This is all dependent on a healthy roster. Minnesota's clear weakness lies in a stark lack of any depth at almost every position on the field. With few exceptions, most positions will have untried underclassmen on the two-deep, and Minnesota's defensive backfield looks particularly vulnerable to injury. Projecting out the Gopher secondary's two-deep, we find just three seniors in the whole grouping (corners Martez Shabazz and Jeremey Baltaza along with backup safety Brock Vereen).
Minnesota was fourth in the Big Ten last season, giving up just 186.6 passing yards per game. This season's lack of experience in the secondary will make that performance difficult to duplicate, and any injuries could expose this thin depth chart.
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In 2012, Purdue had one of the most experienced offenses in the Big Ten; every single player that started in Week 1 on offense was a senior. Even so, Purdue finished with a 6-7 record, which concluded with the firing of Danny Hope as head coach.
In comes Darrell Hazell, fresh off an 11-win season at Kent State. Not only will Hazell have a program to build, he'll have to start fresh on day one with a roster full of fresh-faced greenhorns.
In addition to the near complete revamp of the offense, Hazell will need to rebuild Purdue's defense, as well. Eight starters from 2012 have exhausted their eligibility, and at least four more from Purdue's 2012 two-deep are also departing.
Expect a plethora of freshmen and sophomores on the depth chart after fall camp. Until Hazell can find his footing on the recruiting trail, Purdue fans may have to be content with the status quo for at least the near future—if the Boilermakers can even manage to do that well, which is by no means certain.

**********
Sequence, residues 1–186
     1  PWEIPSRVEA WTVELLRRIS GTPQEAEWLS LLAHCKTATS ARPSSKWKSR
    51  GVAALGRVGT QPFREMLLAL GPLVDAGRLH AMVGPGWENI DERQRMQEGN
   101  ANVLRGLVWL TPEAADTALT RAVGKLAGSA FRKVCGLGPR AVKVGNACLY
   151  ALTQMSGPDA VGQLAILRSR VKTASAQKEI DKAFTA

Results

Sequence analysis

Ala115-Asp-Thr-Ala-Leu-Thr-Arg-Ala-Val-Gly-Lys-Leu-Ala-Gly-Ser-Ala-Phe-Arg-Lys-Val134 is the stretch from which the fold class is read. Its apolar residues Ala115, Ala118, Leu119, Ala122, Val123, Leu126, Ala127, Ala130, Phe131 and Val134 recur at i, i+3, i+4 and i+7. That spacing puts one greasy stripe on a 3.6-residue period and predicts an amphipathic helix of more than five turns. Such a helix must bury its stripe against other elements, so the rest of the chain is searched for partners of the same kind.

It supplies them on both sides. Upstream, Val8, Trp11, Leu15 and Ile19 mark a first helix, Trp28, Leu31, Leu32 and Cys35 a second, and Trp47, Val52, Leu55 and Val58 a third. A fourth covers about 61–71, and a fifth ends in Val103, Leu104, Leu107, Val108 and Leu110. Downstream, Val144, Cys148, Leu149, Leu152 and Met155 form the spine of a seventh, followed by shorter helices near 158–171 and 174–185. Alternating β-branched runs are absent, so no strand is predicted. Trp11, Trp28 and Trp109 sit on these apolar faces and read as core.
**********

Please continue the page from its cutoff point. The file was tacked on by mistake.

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When Kevin Wilson was hired as Indiana's head football coach prior to the 2011 season, he made it clear to anyone and everyone that he was intent on restoring pride in Hoosiers football. His rant on local sports radio, targeting two local sports talk hosts—who eventually hung up on Wilson, and for good reason—instantly became an Internet sensation.
The only problem is Wilson's Hoosiers then proceeded to churn out a 1-11 season, followed by a 4-8 performance in 2012. No one said this was going to be easy, especially since football is an afterthought in hoops-crazed Bloomington.
Season three in a coaching stint is often used as a litmus for the coach's future prospects and the overall direction of the team. If that's going to be the case with Wilson's tenure at Indiana, he may be in a bit of trouble heading into 2013.
There's plenty of returning starters on the roster for the upcoming season. But based on past performances, that could be part of the problem. Indiana wasn't particularly terrible with the football last season, averaging 442.0 yards per game (second in the Big Ten, 34th in the FBS), but the defense was another story entirely.
The Hoosiers were easily the worst team in the conference, giving up a whopping 463.5 yards and 35.3 points per game (106th and 104th in the nation, respectively). Clearly, any changes to Indiana's success rate will need to start with changes on defense.
First, the bad news. There are only three full-time starters returning for 2013, none of which are on the defensive line. The initial reaction is to say, "Hey, the defense was so bad last season, isn't a changeover in personnel a good thing?" Ordinarily, we'd agree. But what kind of talent is replacing the departing players?